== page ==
In the 1990’s Cracker Barrel started selling compact discs in their stores. In 2005 they produced their first exclusive CD with Alison Kraus and Union Station. They grew from there, producing five to seven albums a year with different artists. In 2012 Cracker Barrel partnered with Dolly Parton to produce a two-disc album titled, “An Evening with…..Dolly Live,” certified gold by the Recording Industry Association of America. If available, Cracker Barrel sells product lines of the artists they partner with.
In 2020 Cracker Barrel and Sony Music Nashville teamed up to produce, “There’s Comfort In Giving,” a program that donated over 15,000 meals to medical staffs on the frontlines of COVID-19. This number far exceeded their goal of 10,000. For every Cracker Barrel $10 e-gift purchased on the company’s website, Cracker Barrel donated one additional meal to healthcare professionals. Several Sony Music Nashville artists hosted live performances on their social media channels promoting the program. Each artist chose their hospital of choice to receive the meal donations. Combined, the artists’ livestreams created over 1.6 million views.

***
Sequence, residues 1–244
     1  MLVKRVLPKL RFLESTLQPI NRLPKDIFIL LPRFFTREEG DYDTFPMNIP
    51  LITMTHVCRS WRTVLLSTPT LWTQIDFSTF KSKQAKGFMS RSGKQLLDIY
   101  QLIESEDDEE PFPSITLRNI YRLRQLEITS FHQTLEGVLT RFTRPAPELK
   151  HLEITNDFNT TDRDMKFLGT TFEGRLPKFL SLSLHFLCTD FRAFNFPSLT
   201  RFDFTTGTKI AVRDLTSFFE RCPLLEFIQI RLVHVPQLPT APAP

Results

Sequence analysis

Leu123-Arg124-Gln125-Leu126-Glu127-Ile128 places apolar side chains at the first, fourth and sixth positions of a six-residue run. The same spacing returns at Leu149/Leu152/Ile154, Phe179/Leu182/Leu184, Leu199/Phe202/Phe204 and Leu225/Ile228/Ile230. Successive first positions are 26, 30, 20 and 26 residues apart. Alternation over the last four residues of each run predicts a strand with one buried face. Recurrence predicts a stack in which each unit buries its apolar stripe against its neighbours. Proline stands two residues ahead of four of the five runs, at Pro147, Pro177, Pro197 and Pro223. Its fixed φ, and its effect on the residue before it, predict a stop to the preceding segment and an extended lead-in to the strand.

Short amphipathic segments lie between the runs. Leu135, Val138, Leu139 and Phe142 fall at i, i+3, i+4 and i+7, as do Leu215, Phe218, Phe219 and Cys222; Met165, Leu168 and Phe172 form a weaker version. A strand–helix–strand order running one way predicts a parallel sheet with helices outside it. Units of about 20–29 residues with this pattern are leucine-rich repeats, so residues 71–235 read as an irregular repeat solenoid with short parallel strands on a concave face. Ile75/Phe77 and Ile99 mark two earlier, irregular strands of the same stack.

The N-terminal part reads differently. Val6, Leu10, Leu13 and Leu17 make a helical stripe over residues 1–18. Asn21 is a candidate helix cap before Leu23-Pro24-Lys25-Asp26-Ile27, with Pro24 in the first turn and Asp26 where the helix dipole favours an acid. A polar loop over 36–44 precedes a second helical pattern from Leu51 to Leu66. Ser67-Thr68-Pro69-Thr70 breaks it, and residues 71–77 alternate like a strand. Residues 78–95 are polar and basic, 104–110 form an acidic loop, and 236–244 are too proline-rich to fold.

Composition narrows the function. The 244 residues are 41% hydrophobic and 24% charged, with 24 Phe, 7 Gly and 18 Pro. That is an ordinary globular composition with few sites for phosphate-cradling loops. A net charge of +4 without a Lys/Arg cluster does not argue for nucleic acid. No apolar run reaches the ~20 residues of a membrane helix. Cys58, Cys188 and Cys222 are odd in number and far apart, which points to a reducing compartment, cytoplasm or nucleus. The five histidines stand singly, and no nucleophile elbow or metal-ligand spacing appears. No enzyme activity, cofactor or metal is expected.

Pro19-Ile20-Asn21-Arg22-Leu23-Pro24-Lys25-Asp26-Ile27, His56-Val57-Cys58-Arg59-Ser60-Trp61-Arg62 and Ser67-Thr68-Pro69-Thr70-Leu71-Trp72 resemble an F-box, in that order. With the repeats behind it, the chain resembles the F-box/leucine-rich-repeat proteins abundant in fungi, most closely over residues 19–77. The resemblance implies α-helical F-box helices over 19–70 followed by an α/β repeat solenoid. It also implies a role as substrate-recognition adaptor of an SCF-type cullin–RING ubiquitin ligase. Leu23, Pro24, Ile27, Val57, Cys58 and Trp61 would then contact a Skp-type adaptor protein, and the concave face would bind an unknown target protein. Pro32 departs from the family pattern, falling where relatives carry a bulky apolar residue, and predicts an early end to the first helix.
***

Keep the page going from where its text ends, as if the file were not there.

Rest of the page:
Cracker Barrel started in 1969 as a gas station that just happened to have a restaurant and gift shop. The restaurant and gift shop walked in through the back door and took over the house. Dan Evins understood eatertainment before the term was invented, before the Rain Forest and Hardrock Cafés. Cracker Barrel was picking American before the History Channel debuted American Pickers on January 18, 2010. They understood how a successful gift shop and music production operation could increase profits and reinforce the brand. Most important of all, Dan Evins understood a simple Southern saying, “stick to your nittin.” Cracker Barrel did just that and created one of the most successful examples of eatertainment known in this land or any other.